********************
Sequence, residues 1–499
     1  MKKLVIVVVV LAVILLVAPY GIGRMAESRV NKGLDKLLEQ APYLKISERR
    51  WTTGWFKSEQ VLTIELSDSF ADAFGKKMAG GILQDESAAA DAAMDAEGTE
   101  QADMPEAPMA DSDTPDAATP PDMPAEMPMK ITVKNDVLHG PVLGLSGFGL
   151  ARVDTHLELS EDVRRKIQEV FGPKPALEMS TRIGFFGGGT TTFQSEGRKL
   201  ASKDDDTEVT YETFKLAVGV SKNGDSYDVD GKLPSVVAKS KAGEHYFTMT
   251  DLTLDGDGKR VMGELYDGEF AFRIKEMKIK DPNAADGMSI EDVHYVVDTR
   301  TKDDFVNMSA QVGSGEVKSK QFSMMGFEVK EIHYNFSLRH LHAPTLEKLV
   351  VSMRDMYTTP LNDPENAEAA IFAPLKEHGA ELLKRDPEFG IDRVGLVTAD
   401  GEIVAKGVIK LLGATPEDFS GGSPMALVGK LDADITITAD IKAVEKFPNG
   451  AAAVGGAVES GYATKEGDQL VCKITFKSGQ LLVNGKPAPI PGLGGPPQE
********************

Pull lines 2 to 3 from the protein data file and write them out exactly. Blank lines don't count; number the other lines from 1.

     1  MKKLVIVVVV LAVILLVAPY GIGRMAESRV NKGLDKLLEQ APYLKISERR
    51  WTTGWFKSEQ VLTIELSDSF ADAFGKKMAG GILQDESAAA DAAMDAEGTE